- November 18th, 2017
- Bankruptcy, Common Questions
- 0 Comments
- Common Bankruptcy Myths
Here at Sherman Law Firm, P.C., we encounter people who are afraid of filing for bankruptcy because of ideas or notions that are only based on hearsay or assumptions. If you have fears about the consequences or effect of bankruptcy on your life, it is better to have them confirmed or clarified with a reputable attorney first. Below are common myths that you might have encountered.
MYTH #1: I can only file for bankruptcy if I’m a destitute.
It is true that Chapter 7 bankruptcy requires a “means test” before being qualified. However, this doesn’t mean that you need to be impoverished or delinquent. Many people are still qualified for bankruptcy despite their salaries because of their needs or expenditures. It is important to remember that bankruptcy is not only for the under employed or unemployed. It is for those who need help managing their finances.
MYTH #2: You will lose everything.
Filing for bankruptcy doesn’t have to be as dramatic as the ones you see on television or movies. You don’t have to give up everything you own just to pay the debts. Some items are still exempt from being collected and used as payment. It is better to consult with your attorney so he/she can properly help you manage all your assets.
MYTH #3: Your credit will be ruined.
It is correct that bankruptcy can be kept on your record or credit rating for up to 10 years, but that doesn’t mean your reputation is ruined. In fact, the very fact that you are up to your neck in debt means that your credit score has already gone down. Bankruptcy can even help you mend your record.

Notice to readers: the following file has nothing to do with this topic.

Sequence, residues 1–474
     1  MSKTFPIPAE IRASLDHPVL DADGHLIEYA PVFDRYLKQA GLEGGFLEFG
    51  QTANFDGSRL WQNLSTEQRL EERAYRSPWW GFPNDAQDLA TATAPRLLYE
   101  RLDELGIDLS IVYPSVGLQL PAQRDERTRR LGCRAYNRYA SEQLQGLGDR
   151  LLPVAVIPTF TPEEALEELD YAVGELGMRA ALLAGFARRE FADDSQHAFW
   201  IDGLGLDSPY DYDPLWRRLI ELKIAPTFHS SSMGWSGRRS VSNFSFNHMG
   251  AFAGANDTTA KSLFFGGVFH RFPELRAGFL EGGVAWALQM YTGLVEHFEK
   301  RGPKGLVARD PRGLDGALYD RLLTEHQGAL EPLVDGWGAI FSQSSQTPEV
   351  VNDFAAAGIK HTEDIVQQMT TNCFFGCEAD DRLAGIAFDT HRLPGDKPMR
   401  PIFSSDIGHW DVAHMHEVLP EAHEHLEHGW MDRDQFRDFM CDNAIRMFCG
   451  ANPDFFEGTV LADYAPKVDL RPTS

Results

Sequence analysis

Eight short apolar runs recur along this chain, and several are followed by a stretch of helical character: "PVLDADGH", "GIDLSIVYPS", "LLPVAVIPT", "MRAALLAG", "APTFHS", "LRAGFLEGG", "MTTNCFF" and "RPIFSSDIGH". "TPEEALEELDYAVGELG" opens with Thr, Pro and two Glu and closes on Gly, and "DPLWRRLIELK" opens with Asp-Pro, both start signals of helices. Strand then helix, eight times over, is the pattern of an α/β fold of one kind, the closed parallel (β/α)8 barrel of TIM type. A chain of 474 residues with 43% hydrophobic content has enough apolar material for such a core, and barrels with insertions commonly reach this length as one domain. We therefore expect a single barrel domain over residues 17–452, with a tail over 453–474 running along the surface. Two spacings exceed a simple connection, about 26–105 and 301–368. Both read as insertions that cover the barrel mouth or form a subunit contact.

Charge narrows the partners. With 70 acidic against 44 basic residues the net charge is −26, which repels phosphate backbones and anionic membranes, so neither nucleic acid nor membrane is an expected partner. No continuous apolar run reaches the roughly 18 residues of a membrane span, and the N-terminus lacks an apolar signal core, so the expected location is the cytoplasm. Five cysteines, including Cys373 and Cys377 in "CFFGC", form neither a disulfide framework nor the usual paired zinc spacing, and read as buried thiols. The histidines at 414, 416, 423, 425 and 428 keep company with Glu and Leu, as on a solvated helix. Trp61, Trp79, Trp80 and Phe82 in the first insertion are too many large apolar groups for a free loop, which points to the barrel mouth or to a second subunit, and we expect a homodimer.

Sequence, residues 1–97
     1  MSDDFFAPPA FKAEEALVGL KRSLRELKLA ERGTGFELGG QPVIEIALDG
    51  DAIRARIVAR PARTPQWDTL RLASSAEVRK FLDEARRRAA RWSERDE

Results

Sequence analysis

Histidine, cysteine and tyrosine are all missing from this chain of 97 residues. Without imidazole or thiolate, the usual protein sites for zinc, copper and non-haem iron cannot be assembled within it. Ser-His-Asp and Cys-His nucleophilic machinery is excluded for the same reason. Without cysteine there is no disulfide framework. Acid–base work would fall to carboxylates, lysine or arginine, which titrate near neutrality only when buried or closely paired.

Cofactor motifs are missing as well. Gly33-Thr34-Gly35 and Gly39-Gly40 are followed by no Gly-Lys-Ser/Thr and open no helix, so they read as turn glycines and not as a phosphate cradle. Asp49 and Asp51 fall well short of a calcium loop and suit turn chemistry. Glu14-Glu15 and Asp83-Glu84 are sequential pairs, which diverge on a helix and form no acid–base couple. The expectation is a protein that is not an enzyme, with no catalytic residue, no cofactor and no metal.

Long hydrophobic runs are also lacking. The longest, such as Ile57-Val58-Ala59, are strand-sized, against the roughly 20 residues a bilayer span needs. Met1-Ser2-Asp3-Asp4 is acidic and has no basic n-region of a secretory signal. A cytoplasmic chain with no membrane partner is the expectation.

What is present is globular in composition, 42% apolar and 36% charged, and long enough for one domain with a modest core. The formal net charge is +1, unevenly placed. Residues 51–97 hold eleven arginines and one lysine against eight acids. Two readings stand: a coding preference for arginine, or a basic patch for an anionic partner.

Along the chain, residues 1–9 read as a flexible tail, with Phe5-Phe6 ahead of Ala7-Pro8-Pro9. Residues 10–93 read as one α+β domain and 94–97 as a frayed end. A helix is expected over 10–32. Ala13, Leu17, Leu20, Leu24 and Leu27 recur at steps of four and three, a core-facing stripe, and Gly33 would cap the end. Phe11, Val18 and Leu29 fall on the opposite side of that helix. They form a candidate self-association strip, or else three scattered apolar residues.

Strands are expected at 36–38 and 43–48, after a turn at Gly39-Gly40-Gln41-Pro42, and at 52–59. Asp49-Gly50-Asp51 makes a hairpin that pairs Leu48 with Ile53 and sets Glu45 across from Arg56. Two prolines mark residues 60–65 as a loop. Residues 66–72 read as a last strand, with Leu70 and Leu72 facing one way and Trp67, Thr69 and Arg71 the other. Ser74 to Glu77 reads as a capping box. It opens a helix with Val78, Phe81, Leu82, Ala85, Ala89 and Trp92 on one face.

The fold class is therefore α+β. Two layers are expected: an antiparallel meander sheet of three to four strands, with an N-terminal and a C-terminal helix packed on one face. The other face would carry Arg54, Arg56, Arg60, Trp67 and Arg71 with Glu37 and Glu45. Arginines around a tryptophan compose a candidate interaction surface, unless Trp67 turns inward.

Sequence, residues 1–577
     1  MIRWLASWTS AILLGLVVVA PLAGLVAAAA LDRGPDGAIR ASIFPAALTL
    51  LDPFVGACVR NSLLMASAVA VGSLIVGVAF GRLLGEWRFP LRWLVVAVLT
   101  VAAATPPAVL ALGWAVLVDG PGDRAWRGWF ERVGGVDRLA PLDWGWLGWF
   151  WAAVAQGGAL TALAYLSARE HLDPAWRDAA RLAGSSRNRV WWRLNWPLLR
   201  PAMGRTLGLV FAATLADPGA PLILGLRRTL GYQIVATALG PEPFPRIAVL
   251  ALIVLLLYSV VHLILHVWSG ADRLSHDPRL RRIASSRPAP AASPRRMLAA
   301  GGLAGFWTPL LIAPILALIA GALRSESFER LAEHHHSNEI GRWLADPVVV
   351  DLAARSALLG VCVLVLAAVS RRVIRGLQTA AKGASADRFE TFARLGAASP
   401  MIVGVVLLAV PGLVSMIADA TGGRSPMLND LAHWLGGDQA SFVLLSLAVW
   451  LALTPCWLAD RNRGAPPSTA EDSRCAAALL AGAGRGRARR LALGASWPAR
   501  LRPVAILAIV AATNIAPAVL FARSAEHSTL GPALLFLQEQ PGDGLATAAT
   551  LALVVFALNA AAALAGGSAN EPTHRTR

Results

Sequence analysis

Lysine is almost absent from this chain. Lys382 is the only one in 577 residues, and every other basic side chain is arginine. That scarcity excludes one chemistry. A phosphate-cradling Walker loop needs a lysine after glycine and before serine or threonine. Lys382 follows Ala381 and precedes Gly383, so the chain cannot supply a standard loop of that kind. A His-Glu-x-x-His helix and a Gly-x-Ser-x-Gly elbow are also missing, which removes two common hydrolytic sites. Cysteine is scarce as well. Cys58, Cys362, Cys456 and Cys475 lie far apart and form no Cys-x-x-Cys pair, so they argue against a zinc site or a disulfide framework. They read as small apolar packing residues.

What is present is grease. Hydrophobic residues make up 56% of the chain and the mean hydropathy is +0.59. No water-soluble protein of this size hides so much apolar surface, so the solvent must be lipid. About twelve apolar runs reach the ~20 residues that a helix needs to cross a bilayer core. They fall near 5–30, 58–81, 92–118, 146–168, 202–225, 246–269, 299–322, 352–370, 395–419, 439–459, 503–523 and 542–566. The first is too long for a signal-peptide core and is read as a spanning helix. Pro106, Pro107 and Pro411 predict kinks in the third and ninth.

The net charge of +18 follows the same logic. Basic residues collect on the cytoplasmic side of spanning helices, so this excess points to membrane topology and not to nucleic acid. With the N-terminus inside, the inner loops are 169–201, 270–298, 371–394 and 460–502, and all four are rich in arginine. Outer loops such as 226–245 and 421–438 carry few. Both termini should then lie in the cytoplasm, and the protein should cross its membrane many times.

MYTH #4: You can go to jail for your debts.
There is no jail for the honest debtor. If a debtor is commiting fraud or hiding assets, and the creditors contact the DA, there is the possibility they could go to jail. However, collectors or creditors can still sue you to collect the debt you owe them unless you file bankruptcy.
MYTH #5: You can only file for bankruptcy once.
You can file for bankruptcy again when your previous ones have been discharged. In Chapter 7, you can get another Chapter 7 discharge after eight years have passed from the date of filing of the prior bankruptcy case. Chapter 13 requires two years from discharge of the prior Chapter 13 in order to get another discharge.
Don’t rely on hearsay and get advice from a legal and financial expert. Give us a call here at Sherman Law Firm, P.C. to schedule a free appointment, and we would be happy to help you settle your affairs here in the Dallas, Fort Worth area. Thank you.